important part of the story. That part lies in Lthe
,use which toi- -,,ments of resistance have made
of area ~ ro mn which they have

evicted Portuguese control. There, at last, they
have been able to begin to run their own affairs,
,and, in doing that, to forge new institutions and
structures.of society that can underpin the needs
of material and cultural progress.

) (
Here, in other words, the task of democratiza-
tion within modernizing frameworks are being
tackled for the first time in these territories. No
longer "auxiliaries" of the colonial system,
Africans in these liberated areas can stand on their
own feet and face the challenge of their own
What do you find in these liberated areas?
Many visitors from many countries, and of many
political loyalties, have gone there to discover the
answer. Almost all their reports, whether enthusi-
astic or sceptical, "committed" or neutral or even
hostile, are in substantial agreement on the essence
of the matter (1). They find long-deprived peoples
who are caught up in a major effort to modernize
their lives, and to rule themselves in ways that are
as different from their own ways of the more, or
less distant past as from the ways of colonial rule.
These peoples apparently see no gain in
working for a mere reform of colonial structures
,and institutions, for no such reform, as they often
say, can set them free. What they are engaged
upon is something greater and more useful.
They define this by what they do and aim for,
but their leading spokesmen have also defined it
in words which have the ring of profound medita-
tion. They are fortunate in having found spokes-
men and leaders of an often' remarkable and
momentous talent.
Thus the late Ainilcar Cabral, founder and
outstan.ding leader of the PA.IC in (Guine and
the (C.pe Verde Islands, is. the author ou writings
now widely recognized as significantcoontributionsl
io ,Ic theory of soci'll tlhlinge among so-called




"under-developed" peoples.
He has described the movements of libera-
tion as comprising "a forced march on the road to
cultural progress", because the compulsions of
armed resistance have here found th!.r' "r>:,T
positive element in the drive for and achl.:_,-iraent
of new understandings, new ideas, new modes of
individual and community behaviour, and, with all

this, a new means of mastering the problems of
national freedom. (A, Cabral, National Liberation
and Culture, lecture delivered at SyracuseTUniver-
s ity, New York, Feb. 20, 1970. See also article
page 12).

Ana they have done this because these
movements are nothing if not movements of
voluntary participation. They are "schools of
progress" even more than they are fighting units
or other means of self-defence.

)) ((
Or consider a definition of what these
liberated areas are really about that comes from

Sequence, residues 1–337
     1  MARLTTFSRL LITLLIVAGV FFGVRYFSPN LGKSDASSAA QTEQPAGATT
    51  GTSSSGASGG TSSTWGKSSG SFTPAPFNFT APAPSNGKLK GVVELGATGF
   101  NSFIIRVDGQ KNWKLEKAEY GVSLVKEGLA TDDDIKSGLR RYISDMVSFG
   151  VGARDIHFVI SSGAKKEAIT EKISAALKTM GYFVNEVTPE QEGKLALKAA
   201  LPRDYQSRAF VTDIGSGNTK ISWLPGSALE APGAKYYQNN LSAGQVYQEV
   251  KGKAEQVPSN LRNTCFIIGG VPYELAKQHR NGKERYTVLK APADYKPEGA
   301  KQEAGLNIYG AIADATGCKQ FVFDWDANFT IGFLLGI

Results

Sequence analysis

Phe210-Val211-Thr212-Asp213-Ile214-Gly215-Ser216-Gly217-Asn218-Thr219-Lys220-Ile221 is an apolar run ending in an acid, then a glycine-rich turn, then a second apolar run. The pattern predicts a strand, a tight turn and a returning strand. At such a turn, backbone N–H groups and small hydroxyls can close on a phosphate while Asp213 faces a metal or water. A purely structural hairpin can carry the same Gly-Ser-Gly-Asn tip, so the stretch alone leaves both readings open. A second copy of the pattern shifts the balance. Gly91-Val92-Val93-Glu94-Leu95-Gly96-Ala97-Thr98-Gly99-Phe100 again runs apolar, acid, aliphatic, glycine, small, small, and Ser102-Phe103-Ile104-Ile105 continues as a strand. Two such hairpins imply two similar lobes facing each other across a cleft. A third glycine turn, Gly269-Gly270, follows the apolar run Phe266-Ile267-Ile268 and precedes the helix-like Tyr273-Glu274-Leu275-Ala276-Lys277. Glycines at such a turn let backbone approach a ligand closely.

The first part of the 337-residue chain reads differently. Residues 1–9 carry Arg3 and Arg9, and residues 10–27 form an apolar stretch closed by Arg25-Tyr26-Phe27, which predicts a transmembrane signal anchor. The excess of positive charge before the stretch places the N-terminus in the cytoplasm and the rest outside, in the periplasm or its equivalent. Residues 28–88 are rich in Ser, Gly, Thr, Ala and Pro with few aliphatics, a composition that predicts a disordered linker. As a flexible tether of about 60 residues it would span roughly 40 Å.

the Angolan leader, Dr. Agostinho Neto. What
they are trying to do, he said.in 1970, "is to free
and modernize our peoples by a dual revolution -
against their traditional structures which can no
longer serve them,and against colonial rule".
Their aim, in 'other words, is not only to
displace the Poi'ugitse who claim to rule them
but to build a new society: to found and develop
institutions of sef-rMle whose democratic and

modernizing vitality can overcome not only the
heritage of foreign autocracy, but also the heritage
-of an older Africa divided into small groups and
rival ethnic states.
One may well think this a bold and un-
expected aim to find among peoples so sorely
ravaged and harassed by military repression and all
its accompanying evils, yet this is none the less the

aim that visitors have all agreed that they have
found here.
But what does it look like on the grounds,
this "forced match on the road to cultural
progress'? What yourfind obviously, differ much
acotr _- to- time srt.place,' for all ths has to
Take place in the rmdst of twanr of repression that
are savagely pursued.

Some liberated areas have long been safe
from any effective enemy intervention, and there
you find the building of a new society already
far advanced. Other areas are newly wrested from
!the enemy, or subject to frequent ground-raids
,and bombing.forays; there you find that the work
!is often interrupted, and sometimes at an early
stage. But although the momentary contrasts are
many, the policies and "atmosphere" are strikingly
the same. All three movements are in close touch
with one another, and have the same basic
Two exampls,.fq- ---experience.
Travelling in 1970 tnro Angola

under MPLA control, I coincided with one of the
Portuguese Army's periodical "sweeps in force".
The MPLA's fighting units there were on the move
and so, in consequence, was the local population
that look to these units for protection. Woodland
villages were abandoned for the time being; social
services, such as schools and medical services, were
likewise disrupted.
Weeks would pass before things could be put